Tuesday, February 28, 2023

Coming into the light: Helping my daughter in her recovery from anorexia

 It's been two months since I last wrote, and a lot has changed in that time. The most important change has been a dramatic improvement in Sofie's mental health. I feel hesitant to jinx it, but for the past month Sofie has been much better. She has worked hard to be in recovery from anorexia, and finally acknowledges what has been happening to her for the past year and a half. With the help of the right psych meds, she now eats three meals per day plus snacks. Although we abandoned the FBT method somewhat (it just didn't work for us in its prescribed fashion so we had to modify the plan to work for my child), she is now able to choose to eat when she wakes up and throughout the day without me having to remind her. She is working towards her goal of having a nose piercing (that is the big reward for three months of continued eating) and despite my initial hesitance to let a child so young pierce her face, I will be delighted to see that stud on her beautiful nose to remind me daily of the battle we have fought together. 

This anorexia struggle has been hell on earth, and I have had to restart anxiety medication to cope with it, as the constant fear that your child's life is in danger will make even the most calm and stable person a miserable, anxious wreck. I am learning to be ok with the fact that I have gained a lot of weight through my child's struggle, with the depression that accompanies watching someone you love struggle so badly, and in the process of re-feeding her the calories she was lacking. I am coming to terms with my own views of weight and body shape in our society, and although I prefer to be someone who is active and strong, I am trying to view my body as the precious vessel that carries me through life. Regardless of what size and shape I am, my vessel is doing me a huge favor, and I must be thankful.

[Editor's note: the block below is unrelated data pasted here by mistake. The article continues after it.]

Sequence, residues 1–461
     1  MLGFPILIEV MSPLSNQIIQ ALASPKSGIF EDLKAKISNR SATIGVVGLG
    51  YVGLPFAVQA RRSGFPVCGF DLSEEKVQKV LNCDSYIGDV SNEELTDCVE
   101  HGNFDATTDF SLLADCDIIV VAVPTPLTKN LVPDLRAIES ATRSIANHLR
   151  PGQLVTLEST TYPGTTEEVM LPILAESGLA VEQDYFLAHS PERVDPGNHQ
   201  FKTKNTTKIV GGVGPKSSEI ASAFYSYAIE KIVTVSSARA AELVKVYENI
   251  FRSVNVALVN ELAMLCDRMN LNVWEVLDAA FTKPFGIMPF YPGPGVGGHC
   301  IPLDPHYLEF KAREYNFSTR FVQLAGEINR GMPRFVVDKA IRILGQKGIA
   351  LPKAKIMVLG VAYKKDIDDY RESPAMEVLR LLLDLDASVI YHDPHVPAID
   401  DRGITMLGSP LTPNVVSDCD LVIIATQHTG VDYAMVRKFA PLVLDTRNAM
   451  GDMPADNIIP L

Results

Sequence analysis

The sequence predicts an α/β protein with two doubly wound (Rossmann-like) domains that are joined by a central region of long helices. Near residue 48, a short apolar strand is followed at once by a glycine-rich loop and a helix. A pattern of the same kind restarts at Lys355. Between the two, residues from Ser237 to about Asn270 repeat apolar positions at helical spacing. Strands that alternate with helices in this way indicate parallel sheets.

Our society has a seemingly endless abundance of fucked up shit to say about women's bodies, and I am even more aware of just how disturbing those messages are now that I am trying desperately to protect my daughter from it. Coming from a family of people with weight-related body image issues, Sofie's struggle has put into perspective just how harmful so many of those messages can be. There is literally no reason for anyone to comment on anyone else's size, and yet we do it time and again, unconsciously, leading only to harm.  My goal as I continue to support my daughter through this challenging time in her life is to be mindful of the comments I make, and try as much as I can to educate others when I hear unconscious comments about themselves or others. I wish everyone could see our bodies for just what they are, vessels to help carry us through this glorious and confusing existence. 

Sunday, December 18, 2022

The Battle of a Lifetime

 It's been years since I've written. I am unsure as to why I've gone so long, I've meant to write, but it's just gotten away from me. Probably we were all so consumed on our phones during the pandemic that I couldn't look at another screen, or maybe I didn't have anything to say. The truth is likely that I just forgot. But I am currently in a battle that is so deep and scary that I have to write about it or I fear I will lose my mind.